$23 Million YouTube Royalties Scam

Scammers were able to convince YouTube that other people’s music was their own. They successfully stole $23 million before they were caught.

No one knows how common this scam is, and how much money total is being stolen in this way. Presumably this is not an uncommon fraud.

While the size of the heist and the breadth of the scheme may be very unique, it’s certainly a situation that many YouTube content creators have faced before. YouTube’s Content ID system, meant to help creators, has been weaponized by bad faith actors in order to make money off content that isn’t theirs. While some false claims are just mistakes caused by automated systems, the MediaMuv case is a perfect example of how fraudsters are also purposefully taking advantage of digital copyright rules.

YouTube attempts to be cautious with who it provides CMS and Content ID tool access because of how powerful these systems are. As a result, independent creators and artists cannot check for these false copyright claims nor do they have the power to directly act on them. They need to go through a digital rights management company that does have access. And it seems like thieves are doing the same, falsifying documents to gain access to these YouTube tools through these third parties that are “trusted” with these tools by YouTube.

Posted on August 15, 2022 at 9:14 AM13 Comments


Frank B. August 15, 2022 11:05 AM

Yet another example of why anti-social media is a cancer on society. It’s long past due time for all the players in the field to be regulated and reigned in. Civilization depends on it.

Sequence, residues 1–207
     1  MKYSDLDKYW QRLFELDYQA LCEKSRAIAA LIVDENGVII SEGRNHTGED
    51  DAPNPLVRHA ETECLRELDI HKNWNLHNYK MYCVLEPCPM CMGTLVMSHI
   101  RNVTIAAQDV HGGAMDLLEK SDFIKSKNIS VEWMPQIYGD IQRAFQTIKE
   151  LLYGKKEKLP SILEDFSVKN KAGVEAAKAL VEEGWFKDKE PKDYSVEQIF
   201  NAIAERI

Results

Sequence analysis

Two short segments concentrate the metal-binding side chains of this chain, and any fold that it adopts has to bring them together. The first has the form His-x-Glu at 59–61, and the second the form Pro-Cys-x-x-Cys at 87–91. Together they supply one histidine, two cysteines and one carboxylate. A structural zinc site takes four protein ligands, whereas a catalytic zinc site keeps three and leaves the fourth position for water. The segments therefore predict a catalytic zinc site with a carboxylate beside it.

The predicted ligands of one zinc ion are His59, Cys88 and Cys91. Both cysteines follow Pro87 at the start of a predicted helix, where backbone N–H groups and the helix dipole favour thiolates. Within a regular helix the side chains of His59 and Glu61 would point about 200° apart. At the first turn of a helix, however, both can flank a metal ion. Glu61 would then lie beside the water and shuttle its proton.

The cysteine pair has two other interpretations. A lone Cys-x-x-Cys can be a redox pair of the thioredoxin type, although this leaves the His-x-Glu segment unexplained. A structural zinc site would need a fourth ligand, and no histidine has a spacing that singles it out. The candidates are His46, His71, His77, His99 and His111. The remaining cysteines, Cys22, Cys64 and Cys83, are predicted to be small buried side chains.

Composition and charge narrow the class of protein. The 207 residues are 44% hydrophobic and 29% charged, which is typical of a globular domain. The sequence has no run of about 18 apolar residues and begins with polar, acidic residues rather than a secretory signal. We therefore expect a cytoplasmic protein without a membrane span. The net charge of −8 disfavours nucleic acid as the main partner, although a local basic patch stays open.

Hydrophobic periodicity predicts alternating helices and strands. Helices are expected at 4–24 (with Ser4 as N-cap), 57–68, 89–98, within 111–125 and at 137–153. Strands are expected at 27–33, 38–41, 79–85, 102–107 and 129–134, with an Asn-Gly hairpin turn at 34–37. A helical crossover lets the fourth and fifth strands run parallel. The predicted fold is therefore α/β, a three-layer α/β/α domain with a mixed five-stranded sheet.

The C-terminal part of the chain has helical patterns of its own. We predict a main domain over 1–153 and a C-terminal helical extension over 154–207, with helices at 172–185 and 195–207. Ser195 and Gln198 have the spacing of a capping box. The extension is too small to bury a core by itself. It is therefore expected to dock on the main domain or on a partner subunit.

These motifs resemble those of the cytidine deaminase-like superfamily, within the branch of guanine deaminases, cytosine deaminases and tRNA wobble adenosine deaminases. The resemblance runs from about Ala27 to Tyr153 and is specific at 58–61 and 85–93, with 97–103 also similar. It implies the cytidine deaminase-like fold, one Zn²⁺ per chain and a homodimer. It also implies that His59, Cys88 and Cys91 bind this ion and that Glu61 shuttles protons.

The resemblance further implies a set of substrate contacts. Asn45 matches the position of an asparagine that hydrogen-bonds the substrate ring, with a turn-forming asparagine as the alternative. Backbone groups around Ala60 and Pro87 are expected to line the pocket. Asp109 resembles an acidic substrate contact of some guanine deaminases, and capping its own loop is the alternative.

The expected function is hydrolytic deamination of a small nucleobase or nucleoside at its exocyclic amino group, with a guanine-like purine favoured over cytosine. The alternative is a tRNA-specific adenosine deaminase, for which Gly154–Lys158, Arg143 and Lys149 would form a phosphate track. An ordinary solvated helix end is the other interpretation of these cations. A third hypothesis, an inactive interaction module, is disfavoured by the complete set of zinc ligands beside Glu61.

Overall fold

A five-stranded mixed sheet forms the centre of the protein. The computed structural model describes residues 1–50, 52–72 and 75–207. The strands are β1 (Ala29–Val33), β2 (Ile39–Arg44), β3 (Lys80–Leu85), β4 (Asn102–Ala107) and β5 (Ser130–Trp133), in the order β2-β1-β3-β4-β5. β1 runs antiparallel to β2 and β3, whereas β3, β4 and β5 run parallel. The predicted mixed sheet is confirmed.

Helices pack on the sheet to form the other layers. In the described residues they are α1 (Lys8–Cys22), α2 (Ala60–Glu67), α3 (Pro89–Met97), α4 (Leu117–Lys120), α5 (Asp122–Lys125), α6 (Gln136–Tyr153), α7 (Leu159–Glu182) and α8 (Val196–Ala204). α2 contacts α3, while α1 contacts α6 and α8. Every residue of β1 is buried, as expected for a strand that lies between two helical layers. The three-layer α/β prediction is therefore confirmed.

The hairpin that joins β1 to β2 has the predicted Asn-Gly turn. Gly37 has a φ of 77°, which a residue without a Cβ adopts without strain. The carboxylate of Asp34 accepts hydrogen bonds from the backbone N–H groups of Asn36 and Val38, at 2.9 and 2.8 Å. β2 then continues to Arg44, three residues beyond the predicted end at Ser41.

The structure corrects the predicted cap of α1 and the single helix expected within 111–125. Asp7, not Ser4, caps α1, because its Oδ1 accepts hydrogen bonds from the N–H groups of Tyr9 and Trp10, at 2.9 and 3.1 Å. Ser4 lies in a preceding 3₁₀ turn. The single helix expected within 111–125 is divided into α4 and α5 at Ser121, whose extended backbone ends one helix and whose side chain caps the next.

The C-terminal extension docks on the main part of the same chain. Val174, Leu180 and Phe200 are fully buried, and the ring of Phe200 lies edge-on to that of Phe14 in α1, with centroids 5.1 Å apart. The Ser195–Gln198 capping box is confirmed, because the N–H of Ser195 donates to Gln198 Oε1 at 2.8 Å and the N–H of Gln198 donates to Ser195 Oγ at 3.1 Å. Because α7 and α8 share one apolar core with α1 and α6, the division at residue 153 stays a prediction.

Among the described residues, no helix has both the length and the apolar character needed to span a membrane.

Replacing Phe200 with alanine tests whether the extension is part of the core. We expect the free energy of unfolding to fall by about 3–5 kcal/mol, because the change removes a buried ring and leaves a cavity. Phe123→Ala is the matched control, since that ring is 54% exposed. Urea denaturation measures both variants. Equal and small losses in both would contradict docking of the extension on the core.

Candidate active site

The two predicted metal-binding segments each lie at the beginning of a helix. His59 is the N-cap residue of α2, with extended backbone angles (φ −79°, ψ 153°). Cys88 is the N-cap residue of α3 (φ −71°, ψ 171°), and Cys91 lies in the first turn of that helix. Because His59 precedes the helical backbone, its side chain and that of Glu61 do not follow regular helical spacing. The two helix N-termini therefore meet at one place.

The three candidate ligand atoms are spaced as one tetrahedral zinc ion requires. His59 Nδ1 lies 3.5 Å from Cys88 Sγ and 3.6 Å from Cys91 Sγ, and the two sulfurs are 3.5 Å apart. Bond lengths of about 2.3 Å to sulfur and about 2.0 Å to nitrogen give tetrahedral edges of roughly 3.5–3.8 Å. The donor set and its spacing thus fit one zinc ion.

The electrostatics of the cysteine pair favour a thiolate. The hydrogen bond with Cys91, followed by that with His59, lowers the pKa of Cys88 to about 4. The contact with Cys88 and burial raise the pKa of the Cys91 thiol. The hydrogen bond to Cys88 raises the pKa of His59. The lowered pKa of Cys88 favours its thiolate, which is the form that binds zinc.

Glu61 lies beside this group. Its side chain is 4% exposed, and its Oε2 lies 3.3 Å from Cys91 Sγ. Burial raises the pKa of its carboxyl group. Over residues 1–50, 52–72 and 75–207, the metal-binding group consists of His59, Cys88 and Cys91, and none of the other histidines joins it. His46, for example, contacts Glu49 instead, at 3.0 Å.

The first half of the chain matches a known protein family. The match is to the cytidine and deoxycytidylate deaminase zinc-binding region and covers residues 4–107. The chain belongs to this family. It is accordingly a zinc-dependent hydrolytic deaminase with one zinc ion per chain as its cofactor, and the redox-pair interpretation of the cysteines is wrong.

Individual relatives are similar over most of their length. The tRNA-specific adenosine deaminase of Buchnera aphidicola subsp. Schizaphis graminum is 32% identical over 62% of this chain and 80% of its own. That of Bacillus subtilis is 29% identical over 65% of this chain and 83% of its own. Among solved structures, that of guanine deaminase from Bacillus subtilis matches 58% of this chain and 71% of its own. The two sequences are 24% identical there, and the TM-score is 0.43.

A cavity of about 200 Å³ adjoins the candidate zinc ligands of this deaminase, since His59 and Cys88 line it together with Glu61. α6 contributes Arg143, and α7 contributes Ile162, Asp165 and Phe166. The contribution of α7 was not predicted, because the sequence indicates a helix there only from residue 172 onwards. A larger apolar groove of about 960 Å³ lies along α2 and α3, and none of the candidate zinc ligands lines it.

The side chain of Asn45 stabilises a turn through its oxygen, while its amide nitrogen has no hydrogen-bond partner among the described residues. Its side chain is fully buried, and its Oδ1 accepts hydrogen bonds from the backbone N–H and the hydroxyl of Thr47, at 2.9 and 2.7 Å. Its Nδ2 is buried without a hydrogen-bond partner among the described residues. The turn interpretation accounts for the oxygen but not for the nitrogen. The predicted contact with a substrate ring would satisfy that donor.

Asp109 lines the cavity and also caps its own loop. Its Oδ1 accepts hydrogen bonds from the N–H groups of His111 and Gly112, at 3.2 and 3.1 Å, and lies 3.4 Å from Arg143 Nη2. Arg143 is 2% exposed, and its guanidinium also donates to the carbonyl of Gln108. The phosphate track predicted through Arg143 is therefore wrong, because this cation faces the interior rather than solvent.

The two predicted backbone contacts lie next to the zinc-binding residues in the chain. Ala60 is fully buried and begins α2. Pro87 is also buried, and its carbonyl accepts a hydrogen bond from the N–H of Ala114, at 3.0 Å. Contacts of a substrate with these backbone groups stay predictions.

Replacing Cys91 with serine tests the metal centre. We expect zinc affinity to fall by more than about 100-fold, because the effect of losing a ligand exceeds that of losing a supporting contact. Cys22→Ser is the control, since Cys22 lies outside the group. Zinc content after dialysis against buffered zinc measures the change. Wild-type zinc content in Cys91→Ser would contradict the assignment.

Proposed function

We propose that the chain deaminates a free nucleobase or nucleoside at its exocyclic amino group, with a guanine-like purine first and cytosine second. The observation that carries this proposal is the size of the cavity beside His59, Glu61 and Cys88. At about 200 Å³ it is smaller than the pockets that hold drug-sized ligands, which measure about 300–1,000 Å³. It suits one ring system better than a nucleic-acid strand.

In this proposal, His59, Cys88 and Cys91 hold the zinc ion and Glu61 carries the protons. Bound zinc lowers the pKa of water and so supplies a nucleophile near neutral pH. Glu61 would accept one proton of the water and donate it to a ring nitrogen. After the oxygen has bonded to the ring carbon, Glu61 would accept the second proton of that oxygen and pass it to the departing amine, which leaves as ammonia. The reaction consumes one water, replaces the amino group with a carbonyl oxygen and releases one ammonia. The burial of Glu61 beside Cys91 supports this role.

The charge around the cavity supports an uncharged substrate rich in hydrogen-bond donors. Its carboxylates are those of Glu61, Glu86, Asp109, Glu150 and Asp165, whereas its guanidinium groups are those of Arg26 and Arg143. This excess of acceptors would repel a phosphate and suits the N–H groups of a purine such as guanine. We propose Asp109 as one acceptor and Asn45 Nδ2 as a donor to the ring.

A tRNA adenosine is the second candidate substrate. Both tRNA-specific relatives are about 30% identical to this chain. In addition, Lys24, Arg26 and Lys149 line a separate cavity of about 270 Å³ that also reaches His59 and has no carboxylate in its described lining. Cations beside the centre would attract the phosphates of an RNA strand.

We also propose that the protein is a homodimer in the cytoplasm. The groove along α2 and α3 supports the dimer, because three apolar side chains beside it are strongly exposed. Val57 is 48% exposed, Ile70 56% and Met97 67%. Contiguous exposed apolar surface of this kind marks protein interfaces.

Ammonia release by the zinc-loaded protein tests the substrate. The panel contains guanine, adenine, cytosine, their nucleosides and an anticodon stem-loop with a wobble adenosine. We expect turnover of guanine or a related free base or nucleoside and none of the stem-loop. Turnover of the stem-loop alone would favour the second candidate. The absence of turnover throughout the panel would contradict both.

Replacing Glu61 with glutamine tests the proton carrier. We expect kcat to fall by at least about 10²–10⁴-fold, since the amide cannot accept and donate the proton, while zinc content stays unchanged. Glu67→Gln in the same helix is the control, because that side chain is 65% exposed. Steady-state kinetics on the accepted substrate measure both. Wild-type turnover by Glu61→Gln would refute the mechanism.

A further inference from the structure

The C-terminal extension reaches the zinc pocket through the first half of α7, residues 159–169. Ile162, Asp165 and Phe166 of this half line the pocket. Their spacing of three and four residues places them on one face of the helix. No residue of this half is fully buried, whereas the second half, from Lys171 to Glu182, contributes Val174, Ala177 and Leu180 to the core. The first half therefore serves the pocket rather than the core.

artist soul August 15, 2022 12:41 PM

Not a surprise. I have seen this happen 4-5 years ago with a rather famous youtube guitarrist from UK.
For me the worst thing is how this allows big media companies to deliberately steal creator’s money in a very simple way: the claim everything they can (as long as there is something related to any of their copyrighted material). Then you claim that is wrong, but they ignore you. Next step would be going to court, but small creators can’t afford that, not to mention they should do that for every video that has been claimed.
So, if you upload a cover, a video explaning how to play a song, or even a common chord progression that is used in hundreds of songs, chances are that all income from youtube ads is going to end to Sony, Universal, WB, or some of the other few.

And those greedy */%?~&! still claim “we do it to protect the artists”.
Somebody kill me please.

Frankly August 15, 2022 3:08 PM

YouTube makes $5 billion a quarter just from ads on videos. Facebook makes far more. That is why 23 million can be taken in a scam. It is difficult to notice out of the total revenue. And note that the IRS is the one that found the scam, not YouTube.

E.R. August 15, 2022 4:06 PM

A lot of, eh, “features” of society depend on the participants acting in “good faith” (with honest intentions).